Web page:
Games that were once played hundreds or even thousands of years ago are now available to enjoy on portable devices like laptops and mobiles
Emerging innovations in the field of technology have changed life as we know it. Nowadays, various processes are quicker, more efficient, and able to be completed remotely from the other side of the world.
Technology also means that archaic games are able to occupy an entirely new space in the virtual environment, with everything from robot players to mobile services, in-depth educational guides and more. In this article we take a look at four games, in order of newest to oldest, that have been given a digital makeover thanks to tech advancements.
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Roulette is one of the most popular casino games played today. Its mesmerizing black and red wheel now comes in various different forms, including American roulette, and allows players to make different bets according to where they believe the ball will land. However, many people do not realize that roulette takes its name from the French word meaning “little wheel” and is believed to have been invented sometime in the 18th century by a mathematician named Blaise Pascal. Later on, the wheel gained traction in Monaco and the game’s popularity was confirmed practically overnight.
Roulette today looks a bit different from how it did in 1700s France. Since the online casino revolution of the 21st century, both regular and live roulette options are available for players who prefer to connect to the thrills and spills of the classic game remotely. With more innovations rising to the surface in recent years, croupiers can now assist and communicate with players in live roulette to make the experience even more realistic.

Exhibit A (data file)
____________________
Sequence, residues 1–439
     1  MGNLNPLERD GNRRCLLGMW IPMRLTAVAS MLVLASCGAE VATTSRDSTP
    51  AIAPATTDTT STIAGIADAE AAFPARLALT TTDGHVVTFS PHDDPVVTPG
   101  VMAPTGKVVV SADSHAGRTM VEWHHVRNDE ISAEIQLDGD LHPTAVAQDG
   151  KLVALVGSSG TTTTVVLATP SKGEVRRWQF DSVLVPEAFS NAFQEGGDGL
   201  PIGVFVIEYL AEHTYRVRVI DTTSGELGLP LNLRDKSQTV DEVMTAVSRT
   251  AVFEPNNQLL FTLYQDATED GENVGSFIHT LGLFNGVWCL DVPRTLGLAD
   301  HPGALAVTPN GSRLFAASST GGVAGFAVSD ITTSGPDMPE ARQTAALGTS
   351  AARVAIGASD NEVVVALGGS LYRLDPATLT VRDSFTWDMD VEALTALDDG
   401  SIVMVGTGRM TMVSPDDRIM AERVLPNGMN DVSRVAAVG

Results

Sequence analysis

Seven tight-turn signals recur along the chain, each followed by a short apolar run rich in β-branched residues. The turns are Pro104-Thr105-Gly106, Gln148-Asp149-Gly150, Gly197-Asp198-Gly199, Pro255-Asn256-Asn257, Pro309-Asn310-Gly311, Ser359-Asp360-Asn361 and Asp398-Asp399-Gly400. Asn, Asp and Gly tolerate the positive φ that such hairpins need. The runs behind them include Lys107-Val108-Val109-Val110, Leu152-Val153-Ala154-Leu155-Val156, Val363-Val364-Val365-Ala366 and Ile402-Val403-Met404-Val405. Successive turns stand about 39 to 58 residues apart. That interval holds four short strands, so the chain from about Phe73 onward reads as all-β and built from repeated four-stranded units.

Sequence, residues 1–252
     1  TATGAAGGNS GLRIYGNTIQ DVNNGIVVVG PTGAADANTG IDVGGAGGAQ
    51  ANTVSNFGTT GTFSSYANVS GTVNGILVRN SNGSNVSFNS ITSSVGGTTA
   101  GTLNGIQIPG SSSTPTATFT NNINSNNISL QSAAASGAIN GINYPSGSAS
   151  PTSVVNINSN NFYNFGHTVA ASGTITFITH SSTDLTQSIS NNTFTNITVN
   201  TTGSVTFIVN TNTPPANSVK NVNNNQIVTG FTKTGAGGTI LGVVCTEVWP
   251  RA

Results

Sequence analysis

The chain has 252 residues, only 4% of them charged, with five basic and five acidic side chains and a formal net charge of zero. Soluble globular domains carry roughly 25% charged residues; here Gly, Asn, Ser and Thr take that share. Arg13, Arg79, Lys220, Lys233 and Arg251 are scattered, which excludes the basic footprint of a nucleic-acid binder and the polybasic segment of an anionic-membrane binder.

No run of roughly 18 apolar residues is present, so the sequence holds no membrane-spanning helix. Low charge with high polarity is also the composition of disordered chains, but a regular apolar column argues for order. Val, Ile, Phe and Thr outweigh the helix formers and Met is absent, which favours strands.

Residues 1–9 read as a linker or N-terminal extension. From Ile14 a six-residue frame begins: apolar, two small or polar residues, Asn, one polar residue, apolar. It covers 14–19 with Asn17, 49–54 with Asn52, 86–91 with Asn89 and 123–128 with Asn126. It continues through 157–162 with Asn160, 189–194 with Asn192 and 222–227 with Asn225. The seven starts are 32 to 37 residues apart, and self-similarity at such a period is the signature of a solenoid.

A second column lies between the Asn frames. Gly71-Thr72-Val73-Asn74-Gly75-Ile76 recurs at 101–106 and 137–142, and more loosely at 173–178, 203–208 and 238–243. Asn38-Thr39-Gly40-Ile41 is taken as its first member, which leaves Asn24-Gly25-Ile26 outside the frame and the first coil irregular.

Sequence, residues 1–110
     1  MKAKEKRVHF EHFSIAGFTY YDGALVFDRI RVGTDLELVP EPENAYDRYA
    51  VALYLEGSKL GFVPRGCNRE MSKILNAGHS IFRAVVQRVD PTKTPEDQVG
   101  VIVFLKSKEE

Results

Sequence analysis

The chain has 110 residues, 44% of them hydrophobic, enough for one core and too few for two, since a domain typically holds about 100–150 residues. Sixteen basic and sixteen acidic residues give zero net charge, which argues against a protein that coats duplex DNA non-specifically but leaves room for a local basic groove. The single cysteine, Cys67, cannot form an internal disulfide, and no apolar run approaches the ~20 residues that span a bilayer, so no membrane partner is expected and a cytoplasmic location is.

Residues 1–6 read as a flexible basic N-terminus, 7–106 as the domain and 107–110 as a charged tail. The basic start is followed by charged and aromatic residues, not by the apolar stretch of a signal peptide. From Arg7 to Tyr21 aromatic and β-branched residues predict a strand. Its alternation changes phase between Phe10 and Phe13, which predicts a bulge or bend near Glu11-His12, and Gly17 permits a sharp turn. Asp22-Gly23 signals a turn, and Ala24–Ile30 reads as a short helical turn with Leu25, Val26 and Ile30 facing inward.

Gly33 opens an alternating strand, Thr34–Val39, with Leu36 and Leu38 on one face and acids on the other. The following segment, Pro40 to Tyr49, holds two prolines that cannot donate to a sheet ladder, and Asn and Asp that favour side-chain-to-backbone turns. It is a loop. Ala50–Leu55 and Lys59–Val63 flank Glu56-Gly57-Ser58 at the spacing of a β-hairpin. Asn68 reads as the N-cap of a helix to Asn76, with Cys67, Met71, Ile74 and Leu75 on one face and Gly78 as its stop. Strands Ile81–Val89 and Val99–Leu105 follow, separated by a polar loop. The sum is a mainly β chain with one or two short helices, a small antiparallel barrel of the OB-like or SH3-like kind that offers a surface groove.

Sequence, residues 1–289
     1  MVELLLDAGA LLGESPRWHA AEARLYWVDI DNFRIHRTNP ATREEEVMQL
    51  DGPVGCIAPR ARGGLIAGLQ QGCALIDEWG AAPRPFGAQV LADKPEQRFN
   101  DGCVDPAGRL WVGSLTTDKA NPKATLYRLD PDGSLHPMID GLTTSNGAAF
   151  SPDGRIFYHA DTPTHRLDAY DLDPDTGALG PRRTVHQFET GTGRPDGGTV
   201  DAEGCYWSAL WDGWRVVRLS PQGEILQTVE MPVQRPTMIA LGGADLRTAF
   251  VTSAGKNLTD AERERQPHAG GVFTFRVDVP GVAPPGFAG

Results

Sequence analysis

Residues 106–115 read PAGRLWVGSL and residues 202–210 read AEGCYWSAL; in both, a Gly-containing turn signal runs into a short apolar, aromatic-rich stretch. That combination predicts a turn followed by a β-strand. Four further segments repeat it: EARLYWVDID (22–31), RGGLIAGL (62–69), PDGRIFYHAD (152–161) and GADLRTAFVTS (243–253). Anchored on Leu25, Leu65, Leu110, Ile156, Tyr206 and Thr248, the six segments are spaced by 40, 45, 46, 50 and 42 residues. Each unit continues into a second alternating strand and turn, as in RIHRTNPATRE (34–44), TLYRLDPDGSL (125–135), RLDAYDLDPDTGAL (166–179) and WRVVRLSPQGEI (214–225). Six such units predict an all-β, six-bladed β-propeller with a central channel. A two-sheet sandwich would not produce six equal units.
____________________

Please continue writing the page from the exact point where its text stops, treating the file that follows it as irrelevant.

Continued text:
Chess is one of the most recognisable games of strategy that still exists today. With roots that date back over 1,500 years, the game is said to have come from 6th century India and then spread onto Persia, Spain, and all of Southern Europe. However, during all this time the rules of the strategic board game were shifting and changing, until eventually they became concrete and went on to form the gameplay that people know and love today.
Just as in the case of online casinos, chess’s makeover came with internet databases and, especially, player engines. Today, chess lovers have access to myriad different platforms to practice their moves on, and they can do so with computerized bots that adapt their gameplay from easy to master depending on their opponent’s level. Digital chess services like these have created entire internet communities filled with fellow players of the game dating back thousands of years.
Nowadays, the popularity of chess has grown rampantly, with entire hosts of both online and physical players
Many people may be surprised to find out that draughts, or checkers, is an older board game than chess. Its earliest form has been dated back to around 3000 BC by archeologists working in ancient Mesopotamia or modern-day Iraq. Nowadays, it isn’t uncommon to see people enjoying a game of draughts somewhere outside or in a park, as its pieces are easily transportable and the game does not require a long process to learn how to play it.
In the same way that chess communities now thrive online, so do draught ones. There have also been programs developed in the 21st century which help to facilitate online play between friends or against a bot.
Last but not least, the ancient game of Go originated in China around 2356 BC, making it one of the oldest board games in the world that is still actively played today. Although the rules of the game are not complex, the game consists of a variety of interesting patterns that can often confuse new players. As the game has been given a fresh presence online, virtual educational material and forums help first-timers guide themselves through the ancient activity.
Although most of the time, games like these will have free versions or secure pay-as-you-go options, in any case users should remember to stay away from unfamiliar websites that have the potential to scam them or add malware to a device.